At the risk of sounding more than somewhat like ‘himself’ from Dickens’ ‘A Christmas Carol’, “bah humbug” say I to the circus that has become the great bar/bat mitvah rip-off!

What I have to say on the subject might very well stick in the craw of the die-hard traditionalists who believe that all the stops should be pulled out when celebrating the coming of age of your little darling, but I have had enough of the peer pressure and thinly veiled one-upmanship that has turned what should be a memorable family event into something akin to ‘The ‘X’ Factor’ or ‘Israel’s Got Talent’! I must get this off my chest and don’t care too hoots if it offends any sensibilities. In the words of the late, great Mrs Slocombe, from ‘Are You Being Served?’, “I am unanimous in this decision!”

I was warned by friends who had arrived before me at this particular juncture in one’s life, (when your tiny bundle of joy has reached the age when they can do their maths homework better than you ever could), that the novelty of the bar/bat mitzvah season will wear thin very quickly as the excesses of those around you make having a quiet family affair all but impossible. My bar mitzvah some thirty-one years ago in England was like most others; family, friends of my parents and grandparents, and about ten of my schoolfriends, who followed the shul service with kiddush before adjourning for lunch at a nearby venue.

Such an event these days is well nigh impossible. For a start, it is all but obligatory to invite all the children from your child’s class (so as not to offend anyone), which in some parts of the country can add up to 40 kids. Add to this the trend of also inviting the same children plus those from other classes in the same year to a ‘kids only’ party, and you end up with a big party in the making in addition to your family simcha. But the worst part of it all is the strain that this deluge of parties can place on the family finances.

There is no complaint on my part at the cost of entertaining friends and family and my daughter’s friends; that is, and always will be a pleasure. The big problem, (as many parents have since confessed when this matter was addressed recently at the local PTA), is the constant requirement to provide a present for every child celebrating a party that season, and the massive burden it can very quickly place on finances often already at full stretch. If you reckon that there could be over 100 parties in any one school year and you are expected to offer a cash gift of 100 shekels, you don’t need to be Milton Friedman to work out that this adds up to a significant sum even before you add in all the ‘to-ing and fro-ing’ to venues very often a long way removed from your locale.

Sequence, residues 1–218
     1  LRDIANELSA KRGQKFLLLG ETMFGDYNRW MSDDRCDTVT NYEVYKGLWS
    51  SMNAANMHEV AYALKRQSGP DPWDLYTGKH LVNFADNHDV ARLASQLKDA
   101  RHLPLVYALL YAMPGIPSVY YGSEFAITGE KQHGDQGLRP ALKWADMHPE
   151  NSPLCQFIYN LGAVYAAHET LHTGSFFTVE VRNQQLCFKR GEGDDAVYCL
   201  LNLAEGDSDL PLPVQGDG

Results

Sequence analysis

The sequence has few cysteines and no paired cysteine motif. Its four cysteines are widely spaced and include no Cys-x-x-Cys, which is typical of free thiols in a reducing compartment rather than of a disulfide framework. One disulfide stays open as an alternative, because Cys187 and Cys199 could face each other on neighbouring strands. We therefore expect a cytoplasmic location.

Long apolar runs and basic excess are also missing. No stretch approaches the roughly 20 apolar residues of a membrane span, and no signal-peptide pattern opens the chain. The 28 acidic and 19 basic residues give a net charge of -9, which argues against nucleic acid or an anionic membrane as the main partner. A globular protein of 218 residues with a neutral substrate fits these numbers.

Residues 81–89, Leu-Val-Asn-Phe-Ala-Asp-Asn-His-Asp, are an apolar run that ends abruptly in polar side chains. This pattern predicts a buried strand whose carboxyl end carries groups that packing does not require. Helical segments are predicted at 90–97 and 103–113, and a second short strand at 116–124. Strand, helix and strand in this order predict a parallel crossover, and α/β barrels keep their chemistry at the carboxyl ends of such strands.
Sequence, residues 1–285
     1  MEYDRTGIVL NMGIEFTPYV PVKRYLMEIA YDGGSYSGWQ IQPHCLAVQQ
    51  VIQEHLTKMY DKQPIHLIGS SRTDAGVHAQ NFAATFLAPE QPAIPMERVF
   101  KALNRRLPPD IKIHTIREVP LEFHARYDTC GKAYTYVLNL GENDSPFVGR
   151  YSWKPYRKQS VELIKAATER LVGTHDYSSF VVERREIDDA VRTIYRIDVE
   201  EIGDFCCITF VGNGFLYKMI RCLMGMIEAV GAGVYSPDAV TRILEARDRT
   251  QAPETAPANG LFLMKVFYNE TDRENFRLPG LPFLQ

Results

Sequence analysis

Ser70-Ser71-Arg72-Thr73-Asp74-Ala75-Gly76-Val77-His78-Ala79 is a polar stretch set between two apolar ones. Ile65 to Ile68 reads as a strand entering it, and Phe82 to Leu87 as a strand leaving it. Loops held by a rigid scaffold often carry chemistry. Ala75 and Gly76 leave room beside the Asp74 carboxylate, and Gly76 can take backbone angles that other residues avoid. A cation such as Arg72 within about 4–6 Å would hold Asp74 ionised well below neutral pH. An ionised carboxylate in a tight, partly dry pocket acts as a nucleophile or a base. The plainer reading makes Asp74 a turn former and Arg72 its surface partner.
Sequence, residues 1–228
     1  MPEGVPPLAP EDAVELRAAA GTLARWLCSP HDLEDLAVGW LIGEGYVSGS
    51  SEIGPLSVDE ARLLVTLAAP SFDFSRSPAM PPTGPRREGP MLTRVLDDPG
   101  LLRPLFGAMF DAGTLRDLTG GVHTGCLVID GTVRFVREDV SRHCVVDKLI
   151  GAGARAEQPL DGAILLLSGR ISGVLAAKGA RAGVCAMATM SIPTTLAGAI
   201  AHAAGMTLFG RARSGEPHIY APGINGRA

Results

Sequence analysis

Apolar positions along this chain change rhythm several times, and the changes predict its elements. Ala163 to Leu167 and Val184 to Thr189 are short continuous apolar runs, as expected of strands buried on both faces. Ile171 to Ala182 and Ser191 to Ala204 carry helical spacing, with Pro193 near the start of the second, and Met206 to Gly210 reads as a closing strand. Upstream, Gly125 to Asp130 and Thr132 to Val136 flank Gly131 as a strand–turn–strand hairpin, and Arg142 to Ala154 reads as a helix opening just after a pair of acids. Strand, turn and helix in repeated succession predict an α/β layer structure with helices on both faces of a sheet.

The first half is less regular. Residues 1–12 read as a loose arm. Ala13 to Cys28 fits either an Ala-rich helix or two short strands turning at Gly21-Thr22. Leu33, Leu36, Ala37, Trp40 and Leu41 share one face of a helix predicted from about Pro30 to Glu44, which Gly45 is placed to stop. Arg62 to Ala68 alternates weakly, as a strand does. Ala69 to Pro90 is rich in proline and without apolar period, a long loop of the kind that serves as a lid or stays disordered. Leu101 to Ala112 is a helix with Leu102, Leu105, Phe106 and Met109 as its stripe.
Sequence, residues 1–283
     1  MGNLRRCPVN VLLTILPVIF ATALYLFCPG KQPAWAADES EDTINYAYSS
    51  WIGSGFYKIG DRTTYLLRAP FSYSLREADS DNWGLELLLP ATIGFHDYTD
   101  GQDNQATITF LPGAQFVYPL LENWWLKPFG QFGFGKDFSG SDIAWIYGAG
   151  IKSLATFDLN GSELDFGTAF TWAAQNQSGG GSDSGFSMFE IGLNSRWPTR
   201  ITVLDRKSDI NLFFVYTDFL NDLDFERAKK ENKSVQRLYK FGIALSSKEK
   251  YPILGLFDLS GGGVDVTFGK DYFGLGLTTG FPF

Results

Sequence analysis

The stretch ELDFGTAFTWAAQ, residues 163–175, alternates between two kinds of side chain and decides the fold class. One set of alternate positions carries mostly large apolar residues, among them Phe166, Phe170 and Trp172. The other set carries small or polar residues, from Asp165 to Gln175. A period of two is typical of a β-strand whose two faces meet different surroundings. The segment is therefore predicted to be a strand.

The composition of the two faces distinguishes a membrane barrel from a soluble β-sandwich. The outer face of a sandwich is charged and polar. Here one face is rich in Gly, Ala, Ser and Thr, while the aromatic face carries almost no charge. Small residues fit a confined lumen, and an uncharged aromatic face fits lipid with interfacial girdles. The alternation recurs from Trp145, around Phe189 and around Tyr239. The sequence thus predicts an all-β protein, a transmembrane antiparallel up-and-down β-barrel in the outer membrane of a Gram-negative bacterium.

The constant drip-drip effect that so many parents complained about prompted the va’ad (parents committee) from my daughter’s class to meet and propose that a standard amount of 50 shekels should be suggested as an appropriate gift for these bar mitvah discos and bat mitzvah parties. One parent regaled the committee with the story of a child coming home with an invitation to a bat mitzvah, having been told by the bat mitvah girl that her parents wanted it to be known that they had spent more on the forthcoming party than most others so they felt a commensurately larger gift should be the order of the day! It won’t surprise you to learn that the parent in question decided that this was one party her daughter wouldn’t be attending.

I recall watching a documentary feature a couple of years ago in which an Orthodox religious family who had many children and came from large extended families on ‘both sides of the pedigree’, explained that they usually attended an average of two simchas a week! Not surprisingly, it took a massive toll on their finances and had become a burden that was close to unbearable. Surely it would make sense for communities or families to reach some sort of informal agreement whereby these events could reflect the joy of each individual occasion without it placing people in the dilemma of exposing themselves to significant financial difficulty, or losing face amongst their peers?

I have attended events in the not too recent past that have been so completely ‘over the top’ that even the child at the centre of the occasion was clearly embarrassed at proceedings. These parties were certainly thrown more to massage the egos of the parents and make a show to the gathered guests, than to reflect the real joy of celebrating your boy now being considered a man, or your girl a young woman, as religious tradition dictates, even if modern society rightly views matters rather differently.

There will be no prouder father than me when I host my daughter’s bat mitzvah in a few months time. It will be a joyous occasion attended by our small family, close friends and my daughter’s group of best friends from school. There will be no invitation to the masses of kids in her school year, (many of whom she would struggle to put a name to if push came to shove), and I doubt very much that their non-attendance will cause even the slightest ripple of a reaction. Quite the opposite, I suspect, in that many parents will breathe a sigh of relief that they have not been placed in the dilemma of cost over suspected insult, should the invitation not be accepted.

If a family’s position is such that a massive bash makes barely a dent in their finances and they want to ‘shvitz’ till the cows come home, then that is well and truly their prerogative. Mazal Tov! Common sense though has to enter the equation for those in the rest of Israeli society for whom lining the pockets of exorbitantly expensive caterers, event planners, firework and pyrotechnics designers, and even celebrity entertainers, is not a realistic option. Let’s get back to basics and celebrate the child for what they are and who they are, not what they bring to the party.